Gamification has been one of the main movements in many aspects of business and education, and it has delivered results for many organisations.
And yet, the idea of gamification is still thought to be about playing games online, mobile phones, or simply having elements of gaming packed into a “gamified” application with badges, leaderboards etc. Those elements are relevant to gamification, but it is more than that.
As learners evolved, what they expected of education or training has also developed. They perceived themselves to dislike education or training, but what has actually happened is their needs have changed. Being exposed to mediums such as YouTube, blogs, and many other forms of information exchange has changed the way learners need to be engaged.
In this article, we will talk about Octalysis Gamification Framework and how this framework can be applied in digital learning.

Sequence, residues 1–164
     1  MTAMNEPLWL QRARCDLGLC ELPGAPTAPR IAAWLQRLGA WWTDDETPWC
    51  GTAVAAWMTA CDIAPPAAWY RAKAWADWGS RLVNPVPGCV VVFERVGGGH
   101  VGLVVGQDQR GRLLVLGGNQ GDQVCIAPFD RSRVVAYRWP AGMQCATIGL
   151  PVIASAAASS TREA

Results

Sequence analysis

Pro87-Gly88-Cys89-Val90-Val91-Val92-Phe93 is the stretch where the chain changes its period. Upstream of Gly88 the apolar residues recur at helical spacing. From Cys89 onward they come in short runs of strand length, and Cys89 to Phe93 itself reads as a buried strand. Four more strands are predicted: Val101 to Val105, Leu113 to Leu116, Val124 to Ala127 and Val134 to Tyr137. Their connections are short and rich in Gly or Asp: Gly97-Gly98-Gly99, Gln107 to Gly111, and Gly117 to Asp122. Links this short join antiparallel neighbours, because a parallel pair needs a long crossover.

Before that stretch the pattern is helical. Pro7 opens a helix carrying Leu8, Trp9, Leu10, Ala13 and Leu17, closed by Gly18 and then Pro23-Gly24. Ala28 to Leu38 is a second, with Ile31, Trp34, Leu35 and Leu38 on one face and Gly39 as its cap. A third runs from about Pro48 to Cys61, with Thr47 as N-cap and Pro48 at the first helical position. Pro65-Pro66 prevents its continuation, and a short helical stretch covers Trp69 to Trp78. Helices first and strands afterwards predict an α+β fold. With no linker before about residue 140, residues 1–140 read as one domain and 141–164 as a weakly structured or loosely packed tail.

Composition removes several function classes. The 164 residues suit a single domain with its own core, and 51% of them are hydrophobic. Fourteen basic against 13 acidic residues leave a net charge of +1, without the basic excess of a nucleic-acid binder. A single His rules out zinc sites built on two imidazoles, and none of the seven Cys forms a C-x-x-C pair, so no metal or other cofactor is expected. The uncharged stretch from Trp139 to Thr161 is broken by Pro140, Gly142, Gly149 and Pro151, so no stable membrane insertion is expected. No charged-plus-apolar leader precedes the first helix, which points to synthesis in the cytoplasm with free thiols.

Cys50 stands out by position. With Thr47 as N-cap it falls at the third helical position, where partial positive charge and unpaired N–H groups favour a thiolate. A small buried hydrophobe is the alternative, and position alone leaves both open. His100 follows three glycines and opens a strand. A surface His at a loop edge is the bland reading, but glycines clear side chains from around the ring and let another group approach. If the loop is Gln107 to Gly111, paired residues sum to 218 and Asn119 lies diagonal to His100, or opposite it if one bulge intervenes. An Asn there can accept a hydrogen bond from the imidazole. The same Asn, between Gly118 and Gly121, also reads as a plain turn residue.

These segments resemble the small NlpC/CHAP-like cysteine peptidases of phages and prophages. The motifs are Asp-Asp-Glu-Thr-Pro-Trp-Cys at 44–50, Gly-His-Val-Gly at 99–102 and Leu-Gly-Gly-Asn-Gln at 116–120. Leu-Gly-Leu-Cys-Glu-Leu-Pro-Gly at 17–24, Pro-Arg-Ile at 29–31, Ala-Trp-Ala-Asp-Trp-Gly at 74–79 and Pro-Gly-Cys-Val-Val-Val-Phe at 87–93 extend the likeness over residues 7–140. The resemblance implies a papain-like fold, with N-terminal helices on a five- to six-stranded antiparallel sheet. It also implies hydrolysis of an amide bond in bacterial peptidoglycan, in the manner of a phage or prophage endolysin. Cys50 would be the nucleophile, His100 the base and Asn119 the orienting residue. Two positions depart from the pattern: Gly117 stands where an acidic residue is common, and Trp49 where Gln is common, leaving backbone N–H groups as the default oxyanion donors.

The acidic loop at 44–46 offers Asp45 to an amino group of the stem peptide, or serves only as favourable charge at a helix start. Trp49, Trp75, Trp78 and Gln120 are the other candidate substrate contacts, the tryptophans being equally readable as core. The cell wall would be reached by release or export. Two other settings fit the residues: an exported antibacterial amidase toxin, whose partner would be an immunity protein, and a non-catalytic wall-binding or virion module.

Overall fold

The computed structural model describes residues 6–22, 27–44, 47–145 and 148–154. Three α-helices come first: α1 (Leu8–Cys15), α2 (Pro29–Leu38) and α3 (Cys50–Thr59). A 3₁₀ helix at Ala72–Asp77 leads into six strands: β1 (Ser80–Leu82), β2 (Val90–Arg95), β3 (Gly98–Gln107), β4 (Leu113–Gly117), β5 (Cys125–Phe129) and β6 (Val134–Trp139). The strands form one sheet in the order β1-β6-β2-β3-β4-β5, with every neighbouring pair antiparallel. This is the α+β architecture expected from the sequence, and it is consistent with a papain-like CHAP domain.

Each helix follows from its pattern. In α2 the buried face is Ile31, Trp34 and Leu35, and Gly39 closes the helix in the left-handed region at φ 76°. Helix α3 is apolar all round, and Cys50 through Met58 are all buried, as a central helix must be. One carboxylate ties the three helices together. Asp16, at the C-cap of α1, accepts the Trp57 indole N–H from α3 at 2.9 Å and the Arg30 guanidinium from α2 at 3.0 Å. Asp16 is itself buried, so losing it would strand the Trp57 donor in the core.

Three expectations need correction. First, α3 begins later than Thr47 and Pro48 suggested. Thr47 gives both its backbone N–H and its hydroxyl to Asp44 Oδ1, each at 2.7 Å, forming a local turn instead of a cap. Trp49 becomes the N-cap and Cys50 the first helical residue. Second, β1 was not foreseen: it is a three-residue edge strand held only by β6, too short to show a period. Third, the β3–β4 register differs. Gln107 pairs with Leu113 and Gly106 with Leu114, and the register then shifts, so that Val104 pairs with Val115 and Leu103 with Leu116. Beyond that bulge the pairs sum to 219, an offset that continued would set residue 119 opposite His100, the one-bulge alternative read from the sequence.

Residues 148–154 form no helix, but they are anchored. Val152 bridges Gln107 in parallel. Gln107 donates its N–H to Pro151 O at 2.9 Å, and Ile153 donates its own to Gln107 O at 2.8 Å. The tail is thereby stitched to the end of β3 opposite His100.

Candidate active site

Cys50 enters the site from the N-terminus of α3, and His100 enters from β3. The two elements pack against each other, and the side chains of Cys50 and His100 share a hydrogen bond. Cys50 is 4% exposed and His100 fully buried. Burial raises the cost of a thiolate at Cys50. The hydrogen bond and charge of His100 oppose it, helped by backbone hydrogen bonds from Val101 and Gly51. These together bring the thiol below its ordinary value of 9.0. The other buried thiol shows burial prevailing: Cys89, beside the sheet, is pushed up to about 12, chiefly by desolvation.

For more information about Octalysis Framework, visit: https://yukaichou.com/gamification-examples/octalysis-complete-gamification-framework/
What is it
The Octalysis framework is a gamification framework that lays out the core drivers for human motivation. A human-focused system looks at a person’s motivations to drive behaviours to achieve specific goals.
This gamification design framework was developed by Chou Yu Kai, a leading pioneer of gamification, after observing for years that a function-focused system can only do so much as the drivers to achieve a goal is based on being a requirement as opposed to being a want.
Humans are not machines; they have emotions, which can be an influential factor that impacts behaviour. And based on this, Chou Yu Kai believed that the following eight factors are the key motivators of behaviour.
#1 Element: Epic Meaning
The meaning behind what people do matters to them, and gamification often enhances the meaning and purpose of a project or activity. With that, the likelihood of motivation to learn and understand will increases.
Instead of a linear onboarding programme that takes you through the company history to introduce the company’s structure, consider building the course like a mountain expedition. Create different stages like a basecamp where learners overcome some challenges to reach the next basecamp, eventually reaching the peak.